And OrthoNebraska’s success isn’t an anomaly. LCMC Health, a large
health system in Louisiana, also wanted to take their organization into
the digital age. To bolster their brand’s digital presence, and to earn trust
from their patients, LCMC Health decided to publish provider ratings
on their website. Today, they continue to see success when it comes
to attracting customers with patient feedback; Transparency Physician
Champion and LCMC Health provider Dr. Christopher Lege credits the
published reviews for the organization’s increased patient volume. “As
a physician I am aware that patients are choosing a provider based on
the information online,” he says. “I’ve even had new patients come to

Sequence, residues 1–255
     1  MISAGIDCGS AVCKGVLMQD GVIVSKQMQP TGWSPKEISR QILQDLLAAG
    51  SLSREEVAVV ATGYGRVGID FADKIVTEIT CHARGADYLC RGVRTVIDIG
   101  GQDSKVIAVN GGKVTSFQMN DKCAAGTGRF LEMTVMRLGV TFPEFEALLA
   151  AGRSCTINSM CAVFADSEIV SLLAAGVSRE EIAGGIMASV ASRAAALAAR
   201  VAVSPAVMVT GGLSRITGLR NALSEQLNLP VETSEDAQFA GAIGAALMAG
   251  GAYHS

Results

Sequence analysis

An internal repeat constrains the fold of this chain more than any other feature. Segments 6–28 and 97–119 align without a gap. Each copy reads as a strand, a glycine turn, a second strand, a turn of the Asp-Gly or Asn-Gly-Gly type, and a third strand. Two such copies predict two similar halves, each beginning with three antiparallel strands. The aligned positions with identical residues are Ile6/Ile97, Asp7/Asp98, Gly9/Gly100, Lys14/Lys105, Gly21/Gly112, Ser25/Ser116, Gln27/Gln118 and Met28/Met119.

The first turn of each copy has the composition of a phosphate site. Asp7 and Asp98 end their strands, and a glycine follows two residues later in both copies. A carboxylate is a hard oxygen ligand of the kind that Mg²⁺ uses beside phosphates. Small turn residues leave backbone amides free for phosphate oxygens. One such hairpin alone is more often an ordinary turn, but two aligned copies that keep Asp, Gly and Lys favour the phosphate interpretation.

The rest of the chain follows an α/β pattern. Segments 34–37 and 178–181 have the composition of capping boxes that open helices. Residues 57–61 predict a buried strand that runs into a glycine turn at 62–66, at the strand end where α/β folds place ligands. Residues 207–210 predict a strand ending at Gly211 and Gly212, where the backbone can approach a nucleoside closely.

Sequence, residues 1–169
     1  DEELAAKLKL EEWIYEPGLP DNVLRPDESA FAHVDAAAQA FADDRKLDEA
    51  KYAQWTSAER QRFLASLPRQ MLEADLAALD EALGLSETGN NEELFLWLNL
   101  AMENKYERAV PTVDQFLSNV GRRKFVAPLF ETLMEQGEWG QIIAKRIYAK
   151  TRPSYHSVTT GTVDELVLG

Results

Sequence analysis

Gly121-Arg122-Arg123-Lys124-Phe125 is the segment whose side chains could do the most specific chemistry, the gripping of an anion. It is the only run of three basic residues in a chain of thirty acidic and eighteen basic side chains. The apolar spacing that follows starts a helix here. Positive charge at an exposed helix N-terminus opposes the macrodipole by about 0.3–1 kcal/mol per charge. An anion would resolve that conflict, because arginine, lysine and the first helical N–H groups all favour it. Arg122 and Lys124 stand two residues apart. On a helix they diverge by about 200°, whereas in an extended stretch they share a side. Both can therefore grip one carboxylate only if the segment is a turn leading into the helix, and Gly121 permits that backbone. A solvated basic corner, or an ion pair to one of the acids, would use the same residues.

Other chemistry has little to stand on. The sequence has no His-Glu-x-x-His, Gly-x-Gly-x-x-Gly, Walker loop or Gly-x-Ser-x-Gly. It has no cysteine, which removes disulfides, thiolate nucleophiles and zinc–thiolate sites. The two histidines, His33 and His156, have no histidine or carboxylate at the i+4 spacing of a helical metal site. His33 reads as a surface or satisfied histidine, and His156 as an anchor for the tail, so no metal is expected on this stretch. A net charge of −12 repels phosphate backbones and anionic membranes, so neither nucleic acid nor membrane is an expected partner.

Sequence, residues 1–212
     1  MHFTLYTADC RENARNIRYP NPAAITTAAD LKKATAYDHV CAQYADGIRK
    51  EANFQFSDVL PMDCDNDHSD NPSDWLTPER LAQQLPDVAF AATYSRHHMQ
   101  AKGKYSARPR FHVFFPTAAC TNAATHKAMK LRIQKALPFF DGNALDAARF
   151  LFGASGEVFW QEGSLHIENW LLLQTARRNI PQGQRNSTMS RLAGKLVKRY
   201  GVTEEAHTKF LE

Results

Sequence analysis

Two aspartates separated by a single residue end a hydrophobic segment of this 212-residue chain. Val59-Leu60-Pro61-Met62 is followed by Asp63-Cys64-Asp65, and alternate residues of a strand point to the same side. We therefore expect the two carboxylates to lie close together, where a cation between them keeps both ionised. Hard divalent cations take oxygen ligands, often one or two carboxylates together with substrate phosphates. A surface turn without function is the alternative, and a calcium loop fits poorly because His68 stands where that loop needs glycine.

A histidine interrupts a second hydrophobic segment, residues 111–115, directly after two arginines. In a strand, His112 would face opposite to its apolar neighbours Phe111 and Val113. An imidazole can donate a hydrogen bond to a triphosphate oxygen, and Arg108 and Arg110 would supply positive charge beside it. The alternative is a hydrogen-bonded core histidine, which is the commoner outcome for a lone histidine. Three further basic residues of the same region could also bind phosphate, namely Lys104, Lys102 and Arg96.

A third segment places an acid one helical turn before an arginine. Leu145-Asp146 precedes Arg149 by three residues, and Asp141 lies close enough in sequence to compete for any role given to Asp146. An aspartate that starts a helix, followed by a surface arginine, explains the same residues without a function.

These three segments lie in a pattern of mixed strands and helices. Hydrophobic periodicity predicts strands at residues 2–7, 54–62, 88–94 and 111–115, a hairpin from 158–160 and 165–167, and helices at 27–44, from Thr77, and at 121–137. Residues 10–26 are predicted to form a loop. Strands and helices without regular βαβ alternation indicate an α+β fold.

me as a result of the reviews they’ve read.”
Thriving post-pandemic
COVID-19 has exacted a steep toll on so many already. But we may
optimistically expect a return to some semblance of normalcy — as long
as we keep in mind that the same customer-acquisition strategies that
served health systems before COVID-19 may not function as well once
the pandemic is behind us. Competition waits around every corner, and
those healthcare providers who seek to understand their customers —
their wants, needs and behaviors — will be the ones who succeed in
restoring volumes and revenue growth to their organizations.